Q: Not everybody needs an expert accommodations advocate. What are the situations that are fairly straightforward, and on the other hand, what are some kinds of complications that would make reaching out to you a great idea?
SASS: As I mentioned earlier, and I can’t say it often enough, there are many accommodations that are “standardized test environment specific” that should be applied for.
I conduct a free ½ hour consult with all perspective clients to identify what’s “missing” that the student needs and to determine if I can be of assistance in obtaining those accommodations.
When I take the time to speak with my clients, I often find that students with a learning disability or other type of disability often have other conditions, whether they be medical or otherwise.
During my intake with parents, I ask questions that will help to determine any other underlying conditions that should be factored into the student's accommodations list.
Q: Is it true that the ACT and SAT have different procedures/processes for granting accommodations, and that sometimes a student can be offered generous accommodations by one and very limited or no accommodations by the other? Can you explain why this happens and what a family should do if they find themselves in the situation?
SASS: Yes, they are two different testing entities and sometimes one will grant the all the needed accommodations of a student and the other testing entity will not.
If you find that one will not grant the student’s needed accommodations, I recommend drafting an appeal, which I can help with. I do find that if all the necessary documentation is obtained and all the evaluations are thorough and recent, and the request for accommodations is done correctly and completely the first time, with both ACT and SAT, they are more likely to be granted.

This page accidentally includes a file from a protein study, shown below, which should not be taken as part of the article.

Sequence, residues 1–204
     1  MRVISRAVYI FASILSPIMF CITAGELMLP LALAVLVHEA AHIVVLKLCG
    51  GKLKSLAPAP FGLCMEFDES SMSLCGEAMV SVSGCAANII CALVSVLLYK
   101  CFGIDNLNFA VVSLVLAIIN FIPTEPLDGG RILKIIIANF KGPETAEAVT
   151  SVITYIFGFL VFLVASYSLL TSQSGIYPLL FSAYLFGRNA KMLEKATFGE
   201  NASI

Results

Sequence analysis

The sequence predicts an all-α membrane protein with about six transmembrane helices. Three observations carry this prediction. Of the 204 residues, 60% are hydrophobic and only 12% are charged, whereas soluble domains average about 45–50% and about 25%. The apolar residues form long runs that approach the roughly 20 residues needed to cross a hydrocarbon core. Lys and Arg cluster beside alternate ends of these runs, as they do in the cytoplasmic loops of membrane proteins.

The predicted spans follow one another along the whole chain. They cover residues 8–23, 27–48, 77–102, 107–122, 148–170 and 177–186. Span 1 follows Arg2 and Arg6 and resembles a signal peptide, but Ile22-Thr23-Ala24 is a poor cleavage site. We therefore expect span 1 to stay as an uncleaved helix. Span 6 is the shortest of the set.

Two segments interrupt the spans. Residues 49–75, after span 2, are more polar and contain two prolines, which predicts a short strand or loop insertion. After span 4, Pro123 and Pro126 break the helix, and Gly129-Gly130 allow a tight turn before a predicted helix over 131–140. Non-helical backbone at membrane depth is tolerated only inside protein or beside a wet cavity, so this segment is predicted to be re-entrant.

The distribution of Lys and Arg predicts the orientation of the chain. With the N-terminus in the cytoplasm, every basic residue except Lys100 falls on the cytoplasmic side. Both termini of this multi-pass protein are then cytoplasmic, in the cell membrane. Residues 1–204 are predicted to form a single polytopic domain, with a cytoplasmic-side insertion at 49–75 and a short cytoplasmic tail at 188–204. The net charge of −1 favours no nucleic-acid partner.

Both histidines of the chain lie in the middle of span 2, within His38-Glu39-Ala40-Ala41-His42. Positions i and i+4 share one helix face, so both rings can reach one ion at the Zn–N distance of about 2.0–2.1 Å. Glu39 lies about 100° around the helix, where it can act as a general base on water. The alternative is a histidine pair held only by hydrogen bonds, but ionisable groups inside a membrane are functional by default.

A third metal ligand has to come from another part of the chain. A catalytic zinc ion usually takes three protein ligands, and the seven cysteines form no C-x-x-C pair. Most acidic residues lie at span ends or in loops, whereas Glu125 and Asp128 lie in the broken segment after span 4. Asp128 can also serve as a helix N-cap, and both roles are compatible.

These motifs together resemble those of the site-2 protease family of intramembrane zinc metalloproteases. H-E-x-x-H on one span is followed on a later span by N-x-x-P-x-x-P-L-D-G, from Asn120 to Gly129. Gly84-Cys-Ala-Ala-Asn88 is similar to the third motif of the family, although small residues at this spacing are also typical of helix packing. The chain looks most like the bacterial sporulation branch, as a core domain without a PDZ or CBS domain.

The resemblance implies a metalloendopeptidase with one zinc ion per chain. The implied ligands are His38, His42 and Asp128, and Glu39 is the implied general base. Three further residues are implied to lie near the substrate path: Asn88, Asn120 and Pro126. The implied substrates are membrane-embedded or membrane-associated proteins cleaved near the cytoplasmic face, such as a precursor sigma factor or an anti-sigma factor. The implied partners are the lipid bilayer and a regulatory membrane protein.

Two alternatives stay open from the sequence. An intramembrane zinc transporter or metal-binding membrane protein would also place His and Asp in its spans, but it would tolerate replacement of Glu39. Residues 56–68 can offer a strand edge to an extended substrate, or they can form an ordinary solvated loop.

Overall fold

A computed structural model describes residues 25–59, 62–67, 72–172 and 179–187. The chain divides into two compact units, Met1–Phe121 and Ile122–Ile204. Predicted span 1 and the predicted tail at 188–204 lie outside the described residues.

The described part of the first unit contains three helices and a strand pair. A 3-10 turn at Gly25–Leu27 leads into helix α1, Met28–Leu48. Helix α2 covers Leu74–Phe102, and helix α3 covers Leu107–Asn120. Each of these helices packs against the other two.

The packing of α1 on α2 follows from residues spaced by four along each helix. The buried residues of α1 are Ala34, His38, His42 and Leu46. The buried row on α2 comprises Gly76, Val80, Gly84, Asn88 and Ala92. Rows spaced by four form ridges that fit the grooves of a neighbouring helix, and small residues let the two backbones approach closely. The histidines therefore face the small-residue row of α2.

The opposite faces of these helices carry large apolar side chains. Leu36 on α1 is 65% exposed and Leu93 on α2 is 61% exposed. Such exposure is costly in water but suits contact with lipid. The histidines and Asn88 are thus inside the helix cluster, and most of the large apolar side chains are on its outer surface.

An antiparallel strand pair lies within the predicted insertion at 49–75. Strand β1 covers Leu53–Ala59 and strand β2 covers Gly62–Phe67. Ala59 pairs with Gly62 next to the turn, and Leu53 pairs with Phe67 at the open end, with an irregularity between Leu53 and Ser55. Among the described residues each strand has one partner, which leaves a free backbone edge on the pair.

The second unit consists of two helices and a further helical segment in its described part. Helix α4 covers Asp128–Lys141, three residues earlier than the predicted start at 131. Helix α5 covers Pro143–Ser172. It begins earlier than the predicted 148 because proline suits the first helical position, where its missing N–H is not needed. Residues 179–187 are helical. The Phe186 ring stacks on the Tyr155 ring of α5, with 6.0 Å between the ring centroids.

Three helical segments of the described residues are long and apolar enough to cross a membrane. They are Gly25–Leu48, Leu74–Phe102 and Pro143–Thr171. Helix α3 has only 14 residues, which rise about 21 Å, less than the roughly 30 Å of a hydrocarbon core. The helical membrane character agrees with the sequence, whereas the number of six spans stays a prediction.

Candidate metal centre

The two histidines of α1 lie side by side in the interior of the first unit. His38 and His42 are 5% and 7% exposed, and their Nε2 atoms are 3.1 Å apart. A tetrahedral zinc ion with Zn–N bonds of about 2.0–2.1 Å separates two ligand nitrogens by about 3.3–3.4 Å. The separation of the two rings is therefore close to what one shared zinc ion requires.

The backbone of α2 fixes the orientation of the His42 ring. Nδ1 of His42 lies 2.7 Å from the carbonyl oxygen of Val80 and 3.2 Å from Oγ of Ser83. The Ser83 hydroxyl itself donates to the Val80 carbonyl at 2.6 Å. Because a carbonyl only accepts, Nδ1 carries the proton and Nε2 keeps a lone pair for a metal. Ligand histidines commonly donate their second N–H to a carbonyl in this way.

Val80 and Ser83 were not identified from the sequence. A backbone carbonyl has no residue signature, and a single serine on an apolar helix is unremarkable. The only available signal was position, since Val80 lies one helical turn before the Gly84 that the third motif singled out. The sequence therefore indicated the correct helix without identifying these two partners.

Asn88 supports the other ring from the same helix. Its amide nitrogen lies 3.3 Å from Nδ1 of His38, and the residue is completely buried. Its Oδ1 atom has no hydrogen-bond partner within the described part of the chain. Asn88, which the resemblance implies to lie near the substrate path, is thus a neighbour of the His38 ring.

For SAT testing, the accommodations can and should be applied for, in my opinion, before 9th grade (in time for PSAT).ACT accommodations can only be applied for when the student actually registers to take the test, usually in 11th grade.
Q: How else can you help with the process of applying for accommodations?
SASS: I help my clients by reviewing all the student's evaluations and with their permission, communicate with the doctors, specialists, therapists, etc. in order to reach alignment on which accommodations are warranted. I then submit rough drafts to the doctors to assist them with providing a separate letter to substantiate the accommodation.
Additionally, I make sure that every piece of paper that the College Board sees, has all the same recommended accommodations. I view this process as a team approach between the specialists, the parents, the students, the school and myself and by doing so, I have a proven track record of obtaining the accommodations that the student needs.